“This involved looking at what groups of people were affected, whether there were more males or females, or more in a particular age group and other trends,” she says. “We also looked at patient geography and mapped where the patients are located. We found where they are clustered and looked at settings where there were an unusually high or low number of cases.

“We are really trying to understand how people are living, where they are located, what the influences are, how they might get TB, and how they access care.”

Tanya hopes her research will benefit the local community and their TB control program. She said a highlight of her work in Balimo has been integrating her research with local programs and forming partnerships with local healthcare workers.

Healthcare workers in PNG hold sign saying "We are the Tropics"

Balimo health workers during 2016 International Day of the Tropics. Photo: Supplied.

“One of the most valuable things for me has been working with the local health workers in PNG,” she says. “The health workers understand this region and the difficulties. I’ve learnt so much from their insights and the everyday challenges. We work collaboratively with them and it is important that the research outcomes from my work are valuable and useful for the local community.”

Networking and collaboration are ongoing themes in this work. Tanya’s research builds on years of collaboration with health workers in Balimo, extending from networks established in the region more than 20 years ago by her primary research advisor, JCU A/Prof Jeffrey Warner.

While there is no easy way to solve the many problems patients face when trying to access healthcare in such a remote environment, Tanya’s research has found some ways the situation could be improved.

Community plays an important role in PNG society and increasing the involvement of networks and churches could benefit TB services in the region. Her research also found that increased educational services about the disease and the use of personal testimonies from cured patients could improve the DOTS strategy in Balimo.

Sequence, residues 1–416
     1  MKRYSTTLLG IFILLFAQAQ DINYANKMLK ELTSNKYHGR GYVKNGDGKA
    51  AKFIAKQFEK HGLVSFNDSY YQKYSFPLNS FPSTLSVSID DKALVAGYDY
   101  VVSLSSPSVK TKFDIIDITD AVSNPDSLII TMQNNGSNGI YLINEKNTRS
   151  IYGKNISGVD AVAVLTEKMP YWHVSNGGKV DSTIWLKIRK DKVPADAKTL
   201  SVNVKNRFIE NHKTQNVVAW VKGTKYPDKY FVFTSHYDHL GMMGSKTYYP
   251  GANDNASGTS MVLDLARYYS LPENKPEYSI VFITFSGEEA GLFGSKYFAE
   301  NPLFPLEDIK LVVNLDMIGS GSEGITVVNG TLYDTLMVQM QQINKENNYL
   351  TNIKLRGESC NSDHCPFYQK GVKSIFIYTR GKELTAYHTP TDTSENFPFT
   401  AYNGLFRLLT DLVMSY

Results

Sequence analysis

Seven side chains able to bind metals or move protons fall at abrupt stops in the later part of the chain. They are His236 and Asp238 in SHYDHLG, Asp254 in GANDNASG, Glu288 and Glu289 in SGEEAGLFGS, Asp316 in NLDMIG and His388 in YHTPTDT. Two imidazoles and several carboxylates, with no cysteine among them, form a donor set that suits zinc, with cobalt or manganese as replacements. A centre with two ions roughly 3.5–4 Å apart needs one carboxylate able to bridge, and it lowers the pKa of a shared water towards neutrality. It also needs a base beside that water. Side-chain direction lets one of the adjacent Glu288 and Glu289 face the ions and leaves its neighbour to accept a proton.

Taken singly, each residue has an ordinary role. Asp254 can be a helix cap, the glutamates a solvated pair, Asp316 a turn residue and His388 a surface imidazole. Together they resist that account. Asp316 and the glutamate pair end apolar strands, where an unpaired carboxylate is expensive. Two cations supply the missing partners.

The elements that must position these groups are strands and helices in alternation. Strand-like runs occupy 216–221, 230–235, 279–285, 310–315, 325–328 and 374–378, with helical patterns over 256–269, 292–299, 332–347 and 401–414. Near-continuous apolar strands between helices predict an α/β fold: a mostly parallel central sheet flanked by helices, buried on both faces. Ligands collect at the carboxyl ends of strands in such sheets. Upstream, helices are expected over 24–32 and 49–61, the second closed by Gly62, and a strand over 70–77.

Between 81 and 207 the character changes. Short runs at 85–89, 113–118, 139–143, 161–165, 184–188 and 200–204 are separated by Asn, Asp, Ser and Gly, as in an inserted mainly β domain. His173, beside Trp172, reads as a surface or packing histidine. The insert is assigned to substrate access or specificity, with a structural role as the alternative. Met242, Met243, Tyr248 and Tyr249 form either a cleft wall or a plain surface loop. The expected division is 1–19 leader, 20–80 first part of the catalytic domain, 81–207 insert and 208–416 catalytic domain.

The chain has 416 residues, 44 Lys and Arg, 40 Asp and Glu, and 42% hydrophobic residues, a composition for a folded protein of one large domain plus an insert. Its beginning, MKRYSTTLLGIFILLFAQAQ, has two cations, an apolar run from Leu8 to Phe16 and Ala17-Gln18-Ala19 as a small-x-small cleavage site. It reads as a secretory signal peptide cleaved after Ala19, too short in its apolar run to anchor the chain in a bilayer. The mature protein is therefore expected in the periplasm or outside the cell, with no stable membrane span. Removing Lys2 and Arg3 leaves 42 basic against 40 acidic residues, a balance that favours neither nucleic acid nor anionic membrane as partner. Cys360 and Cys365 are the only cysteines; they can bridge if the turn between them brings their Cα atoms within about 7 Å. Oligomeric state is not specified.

Working in such a remote location has not been without significant challenges. Power outages meant that sometimes the only option was to cook over a kerosene stove by torchlight. Access to clean drinking water also became a priority; a factor that is especially important during dry season when fresh rainwater may be unavailable. The unpredictable power supply affected the ability to boil water, and limited water storage options meant that it was not always possible to store enough boiled drinking water.

“We understood that fieldwork challenges are the same ones that influence the lives of the people here every day,” Tanya says. “We needed to consider that in health service delivery.”

Tanya, who has a background in biomedical science and public health, also researches the molecular epidemiology of tuberculosis. A deep interest in tropical infections is what inspired her to work in Balimo.

“I was very interested in tropical infections and looking at how we can have good health for everyone, particularly looking at improving health for people who live in a resource-limited setting,” she says. “Epidemiology uses a broad range of skills and I really would love to continue doing very similar work in the future about how and why tropical diseases occur.”

If you are interested in supporting community health workers based at Balimo Hospital, you can contribute to the Balimo PNG Health Worker Support Fund. Money raised through this fund will contribute to health-related consumables and equipment, and costs associated with health workers undertaking higher education.

JCU has one of the largest postgraduate public health training programs in Australia. The College of Public Health, Medical & Veterinary Sciences offers training programs that not only cover the core public health competencies, but also offer a particular focus on the challenges facing health professionals working in tropical, rural and remote environments.

Cover image: Supplied.

Published 13 Jul 2020